Why Is “Relational” Parenting That Important?
by John Trent and Dewey Wilson
It’s been thirty years now since the first personal computers and cellphones began infiltrating almost all aspects of our everyday life. We’ve been dealing with technology long enough now to begin understanding the risk factors that we didn’t recognize early on. No doubt, parents from the 1950s eventually learned that smoking in a car with the windows up was damaging (or smoking in general, much less around children). Parents today, in their heart of hearts, are beginning to understand the need to put down the screen and start relating more with their children in a way that builds personal, loving relationships.
But the real challenge is how do you build stronger relationships with your child once you put down your phone!
The great news is that you can help your children experience and create positive relationships by learning and modeling what they need to learn in your home. In the process, you’ll discover how they learn and how prepared they are for real-world experiences like relating well with others in the workplace, social settings, and even their loving relationships in the future. Becoming relationally intelligent will have a positive impact on their health and future.
Consider an eye-opening study out of UNC-Chapel Hill showing your children’s life expectancy is linked with their ability to be relational.1 Drawing on the research of four major studies concerning health and longevity, the lack of close-knit, face-to-face relationships is now actively linked with high blood pressure, abdominal obesity, heart disease, stroke, and even cancer risk! Conversely, these negative physical measures all go down as you help your child experience and learn to build close relationships and friendships. Talk about a gift that keeps on giving! You are giving them life when you teach them to be relationally intelligent.
Yes, there are significant benefits to having screen-based relationships. We’re not asking you to ceremonially smash your smartphone. But what we are asking you to do is take time to learn how to build healthy relationships by being willing to first put down that digital screen. When you do, you’re not only benefiting your health and that of your children, but you are also influencing the imprint of their perspective on whether they had a “happy” or “unhappy” childhood.
A new study on childhood memories found the memories most linked with a happy childhood didn’t involve how many major vacations or “cool experiences” parents provided for their children, nor the number of “things” they were given.2 Being happy in childhood wasn’t even linked to the absence of negative or difficult experiences. Instead, emotional happiness was linked to the very same thing that impacts their physical health: the degree of connected, caring relationships in their home!
The quality of your children’s relationship with you at home is more important than any cruise or theme park trip. The memories of individuals who knew they were deeply loved and cared for as children, even in a less-than-perfect home with failures and challenges (like most of ours), are the happiest and most remembered in adulthood.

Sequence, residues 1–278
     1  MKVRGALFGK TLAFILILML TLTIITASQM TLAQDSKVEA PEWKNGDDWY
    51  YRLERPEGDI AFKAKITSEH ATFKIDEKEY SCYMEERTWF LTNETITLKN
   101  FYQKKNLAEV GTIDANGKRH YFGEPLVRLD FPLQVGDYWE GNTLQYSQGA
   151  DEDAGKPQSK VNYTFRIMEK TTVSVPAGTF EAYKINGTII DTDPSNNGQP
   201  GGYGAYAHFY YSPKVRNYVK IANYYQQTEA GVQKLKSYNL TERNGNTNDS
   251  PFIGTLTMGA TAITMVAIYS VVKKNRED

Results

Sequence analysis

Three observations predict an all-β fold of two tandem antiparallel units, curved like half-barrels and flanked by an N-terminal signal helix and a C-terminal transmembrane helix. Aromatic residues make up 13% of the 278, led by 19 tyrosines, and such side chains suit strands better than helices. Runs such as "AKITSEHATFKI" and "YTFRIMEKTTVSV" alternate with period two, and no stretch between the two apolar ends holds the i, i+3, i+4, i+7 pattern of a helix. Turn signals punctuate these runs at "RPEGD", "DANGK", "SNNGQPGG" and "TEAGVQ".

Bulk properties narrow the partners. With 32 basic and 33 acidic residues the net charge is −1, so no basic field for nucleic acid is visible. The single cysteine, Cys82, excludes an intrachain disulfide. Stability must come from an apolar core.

Our definition of relational intelligence is an ability-based, applicational understanding of this phrase. How you can gain tools, examples, and insights to apply when relating and connecting closely with others. How you can model relational intelligence with your children as they watch you apply these relational skills as a parent and person.
The five elements of relational intelligence listed below are progressive in that each element is foundational for the one that follows. In the same way it is virtually impossible for your child to run a race without first learning to walk, we know that developing a secure attachment with your child is foundational to every other element. A secure attachment encourages and enables them to fearlessly explore their world! Because they’re going to fall when they explore, through getting up and going again, they develop an unwavering resilience as a child. All of which leads to them making wise decisions and having a future-focused perspective for serving others as teenagers and adults.
• 1st Element—The foundational need for SECURE ATTACHMENT
• 2nd Element—Which paves a way for fostering FEARLESS EXPLORATION
• 3rd Element—Resulting in an UNWAVERING RESILIENCE that’s needed to overcome real-world relational challenges
• 4th Element—Which becomes the platform for WISE DECISION-MAKING that’s essential and crucial for developing self-regulation
• 5th Element—With the end goal of seeing life so hopeful, it empowers FUTURE-FOCUSED SERVING of others.
Becoming relationally intelligent through face-to-face, in-person relationships is harder than posting a perfect social media picture or selfie. However, it is also immeasurably more beneficial to your children when you teach them how to engage, explore, love, serve, and relate well with real people!
1. Yang Claire Yang et al., “Social Relationships and Physiological Determinants of Longevity across the Human Life Span,” Proceedings of the National Academy of Sciences 113, no. 3 (2016): 201511085, https://www.pnas.org/content/pnas/113/3/578.full.pdf?-b028-4462-9bf9-ba6=.
2. Krystine I. Batcho, “What Will Your Children Remember about You?,” Psychology Today, June 18, 2015, https://www.psychologytoday.com/us/blog/ longing-nostalgia/201506/what-will-your-children-remember-about-you-0.
Adapted from The Relationally Intelligent Child: Five Keys to Helping Your Kids Connect Well With Others by John Trent and Dewey Wilson (©2021). Published by Northfield Publishing. All rights to this material are reserved.
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